12. “Also, your post doesn’t consider sunk costs. A lot of money has already been spent on the DBT, and changing the plan now means that money will be wasted (effectively adding those costs to the other options).”

    What money has been spent that wouldn’t need to be spent on other alternatives? What are the actual ‘sunk costs’?

    1. It also forgets that the tunnel’s cost is mostly known, with contractor’s price in hand and contractor responsible for some key categories of potential cost variation (like design errors/omissions).

      The other options have extremely little idea about cost. All have design slightly above napkin stage, very little site investigation, and very little community input or mitigation concepts. As a construction guy I find it ludicrous that these comparisons would be considered parallel.

      1. Yep. And this is particularly true of the I-5 component of the S/T/I-5 proposal. Almost nothing is known, and we know even less about the costs.

        Changing I-5 through DT Seattle has the potential to turn into a real mess. Lets see…rebuild an urban freeway? Through the DT core? With buildings on each side? And do it without shutting the freeway down?

        One city in America did such a thing and they called it The Big Dig. That is what scares me the most about the S/T/I-5 proposal.

      2. Well the Stakeholder Committee recommended that S/T/I-5 be studied in an EIS, but then Gregoire, Sims, and Nickels made their agreement and WSDOT only advanced the tunnel to EIS stage. The original EIS studied quite a few options for the SR-99 corridor itself, including surface options.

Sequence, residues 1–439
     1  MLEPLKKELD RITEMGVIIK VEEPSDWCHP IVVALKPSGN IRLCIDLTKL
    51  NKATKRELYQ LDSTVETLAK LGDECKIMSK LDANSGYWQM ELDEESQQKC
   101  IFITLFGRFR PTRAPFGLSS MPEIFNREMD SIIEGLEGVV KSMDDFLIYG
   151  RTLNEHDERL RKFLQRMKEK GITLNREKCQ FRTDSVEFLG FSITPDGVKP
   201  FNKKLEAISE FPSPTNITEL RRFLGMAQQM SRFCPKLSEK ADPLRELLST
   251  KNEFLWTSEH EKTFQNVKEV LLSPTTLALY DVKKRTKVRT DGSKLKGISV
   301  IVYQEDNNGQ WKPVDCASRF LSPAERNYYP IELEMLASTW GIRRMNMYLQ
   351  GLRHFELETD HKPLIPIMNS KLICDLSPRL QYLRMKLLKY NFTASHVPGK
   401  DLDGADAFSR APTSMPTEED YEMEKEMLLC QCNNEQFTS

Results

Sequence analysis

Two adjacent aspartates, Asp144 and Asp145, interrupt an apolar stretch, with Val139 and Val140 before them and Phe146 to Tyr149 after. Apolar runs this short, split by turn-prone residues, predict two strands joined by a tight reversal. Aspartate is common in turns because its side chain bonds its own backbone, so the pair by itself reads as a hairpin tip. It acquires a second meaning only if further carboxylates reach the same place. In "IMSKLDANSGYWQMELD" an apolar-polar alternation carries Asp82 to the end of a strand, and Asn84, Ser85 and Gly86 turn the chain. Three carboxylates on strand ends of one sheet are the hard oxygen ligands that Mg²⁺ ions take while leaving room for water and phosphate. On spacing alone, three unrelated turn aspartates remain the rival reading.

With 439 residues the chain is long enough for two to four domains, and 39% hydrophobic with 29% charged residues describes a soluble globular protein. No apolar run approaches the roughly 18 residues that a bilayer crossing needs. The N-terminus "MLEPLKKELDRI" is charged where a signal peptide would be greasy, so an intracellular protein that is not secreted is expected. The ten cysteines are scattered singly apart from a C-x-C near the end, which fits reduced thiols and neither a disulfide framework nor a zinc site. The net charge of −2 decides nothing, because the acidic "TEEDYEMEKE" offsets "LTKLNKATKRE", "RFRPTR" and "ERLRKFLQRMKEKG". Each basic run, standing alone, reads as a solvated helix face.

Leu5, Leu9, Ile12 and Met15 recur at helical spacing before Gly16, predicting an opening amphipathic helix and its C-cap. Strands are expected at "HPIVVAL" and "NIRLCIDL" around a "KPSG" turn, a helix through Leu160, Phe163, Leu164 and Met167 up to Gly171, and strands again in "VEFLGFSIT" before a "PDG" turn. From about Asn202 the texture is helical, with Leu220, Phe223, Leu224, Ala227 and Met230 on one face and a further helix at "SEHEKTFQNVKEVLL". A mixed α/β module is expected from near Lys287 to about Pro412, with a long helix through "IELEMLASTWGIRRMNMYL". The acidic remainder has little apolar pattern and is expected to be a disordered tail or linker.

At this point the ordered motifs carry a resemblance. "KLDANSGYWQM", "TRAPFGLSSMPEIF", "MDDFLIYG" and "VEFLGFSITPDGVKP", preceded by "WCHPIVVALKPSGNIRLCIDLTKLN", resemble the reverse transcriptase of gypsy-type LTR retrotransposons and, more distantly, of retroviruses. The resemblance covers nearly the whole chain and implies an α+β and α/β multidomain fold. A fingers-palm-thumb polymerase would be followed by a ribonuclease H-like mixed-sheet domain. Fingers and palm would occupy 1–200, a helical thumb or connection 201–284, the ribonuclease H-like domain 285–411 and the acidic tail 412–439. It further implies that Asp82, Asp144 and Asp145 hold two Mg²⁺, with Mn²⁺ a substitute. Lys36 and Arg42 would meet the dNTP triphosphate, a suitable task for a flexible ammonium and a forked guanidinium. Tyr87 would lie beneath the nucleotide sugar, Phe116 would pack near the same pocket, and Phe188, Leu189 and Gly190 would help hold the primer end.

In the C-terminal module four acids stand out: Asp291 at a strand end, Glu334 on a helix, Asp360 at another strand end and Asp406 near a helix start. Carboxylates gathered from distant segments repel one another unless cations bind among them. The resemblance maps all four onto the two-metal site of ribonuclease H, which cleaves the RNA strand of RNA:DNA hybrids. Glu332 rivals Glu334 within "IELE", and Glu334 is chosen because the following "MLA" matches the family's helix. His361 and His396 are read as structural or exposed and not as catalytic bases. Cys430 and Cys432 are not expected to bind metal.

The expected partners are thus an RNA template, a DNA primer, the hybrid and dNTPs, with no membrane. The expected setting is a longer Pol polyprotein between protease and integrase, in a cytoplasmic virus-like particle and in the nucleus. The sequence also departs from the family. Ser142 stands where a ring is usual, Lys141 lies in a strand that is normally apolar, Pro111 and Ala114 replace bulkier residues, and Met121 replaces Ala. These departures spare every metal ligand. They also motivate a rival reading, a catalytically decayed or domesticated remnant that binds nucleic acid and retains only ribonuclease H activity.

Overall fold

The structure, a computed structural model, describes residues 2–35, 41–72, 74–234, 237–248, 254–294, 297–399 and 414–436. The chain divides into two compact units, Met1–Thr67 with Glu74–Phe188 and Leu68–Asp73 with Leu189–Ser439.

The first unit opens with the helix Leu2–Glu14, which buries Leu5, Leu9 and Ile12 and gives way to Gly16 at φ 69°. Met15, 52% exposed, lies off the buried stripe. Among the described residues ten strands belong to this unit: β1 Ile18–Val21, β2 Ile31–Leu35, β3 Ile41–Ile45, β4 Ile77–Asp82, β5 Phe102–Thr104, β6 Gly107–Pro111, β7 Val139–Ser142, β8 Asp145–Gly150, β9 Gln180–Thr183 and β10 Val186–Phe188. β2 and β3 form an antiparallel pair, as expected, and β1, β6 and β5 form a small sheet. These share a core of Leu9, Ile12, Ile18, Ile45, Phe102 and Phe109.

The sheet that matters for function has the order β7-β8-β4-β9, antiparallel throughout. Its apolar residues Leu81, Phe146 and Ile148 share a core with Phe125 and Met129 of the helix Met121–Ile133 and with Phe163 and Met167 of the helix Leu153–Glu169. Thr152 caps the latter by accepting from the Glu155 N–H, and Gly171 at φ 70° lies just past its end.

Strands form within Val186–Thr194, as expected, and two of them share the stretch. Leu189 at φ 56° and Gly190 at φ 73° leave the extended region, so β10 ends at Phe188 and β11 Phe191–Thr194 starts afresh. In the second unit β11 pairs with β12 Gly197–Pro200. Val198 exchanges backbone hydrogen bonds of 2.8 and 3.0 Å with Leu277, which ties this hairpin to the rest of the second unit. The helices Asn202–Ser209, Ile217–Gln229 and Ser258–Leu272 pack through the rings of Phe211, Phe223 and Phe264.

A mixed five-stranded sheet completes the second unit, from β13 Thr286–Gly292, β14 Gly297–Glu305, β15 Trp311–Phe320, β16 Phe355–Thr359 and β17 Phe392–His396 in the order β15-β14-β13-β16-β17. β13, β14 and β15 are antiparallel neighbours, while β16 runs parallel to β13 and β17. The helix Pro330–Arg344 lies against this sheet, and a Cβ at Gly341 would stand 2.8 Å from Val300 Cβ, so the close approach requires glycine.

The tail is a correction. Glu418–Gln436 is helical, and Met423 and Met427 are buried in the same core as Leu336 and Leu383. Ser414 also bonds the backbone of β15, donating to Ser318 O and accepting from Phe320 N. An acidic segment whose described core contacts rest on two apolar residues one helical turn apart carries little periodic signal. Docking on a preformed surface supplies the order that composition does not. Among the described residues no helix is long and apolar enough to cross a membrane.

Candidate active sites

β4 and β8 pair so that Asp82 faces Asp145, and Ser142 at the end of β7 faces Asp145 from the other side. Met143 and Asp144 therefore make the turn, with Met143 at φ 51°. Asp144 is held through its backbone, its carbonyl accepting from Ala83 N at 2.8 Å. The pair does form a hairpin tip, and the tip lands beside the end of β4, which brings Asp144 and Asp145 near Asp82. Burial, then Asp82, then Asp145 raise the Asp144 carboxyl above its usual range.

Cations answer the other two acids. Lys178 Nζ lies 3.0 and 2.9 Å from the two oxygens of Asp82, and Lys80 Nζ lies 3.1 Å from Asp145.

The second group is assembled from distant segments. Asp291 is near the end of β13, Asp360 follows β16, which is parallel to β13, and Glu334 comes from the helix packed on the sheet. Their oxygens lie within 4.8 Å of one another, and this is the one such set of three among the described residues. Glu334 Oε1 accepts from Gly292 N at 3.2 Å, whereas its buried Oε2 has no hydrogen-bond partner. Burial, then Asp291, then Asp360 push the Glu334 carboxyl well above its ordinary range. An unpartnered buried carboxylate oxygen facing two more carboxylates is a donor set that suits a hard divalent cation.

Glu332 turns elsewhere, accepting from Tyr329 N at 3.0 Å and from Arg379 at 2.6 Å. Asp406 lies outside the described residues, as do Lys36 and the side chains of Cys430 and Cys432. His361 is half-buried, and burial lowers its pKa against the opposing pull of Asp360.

The plan is hardly a “rebuild” of I-5. It’s restriping the existing pavement, closing an exit, converting some HOV ramps to GP ramps or vice-versa, and automating the gates on the reversibles so switching the direction doesn’t involve a guy in a truck driving to each ramp.

      3. Can’t help feeling that all of what you describe is reasonably affordable and very sensible regardless of what happens on 99.

      4. I also find it amusing that lazarus is comparing the Big Dig to the proposal that does *not* involve putting a highway underground.

      5. Doesn’t anybody read these proposals. The surface option does not “rebuild” I-5 (although that does need to happen eventually). It takes the existing shoulder and turns it into a lane. This is mostly about paint. It will not be that expensive.

      6. zefwagner, you mean the idea is to put I-5 below code, and dramatically more suceptible to traffic jams. Taking the shoulder away is a much bigger deal than you think.

        It’s also a strengh of the tunnel. The current tunnel has no shoulder, but the new tunnel will have one.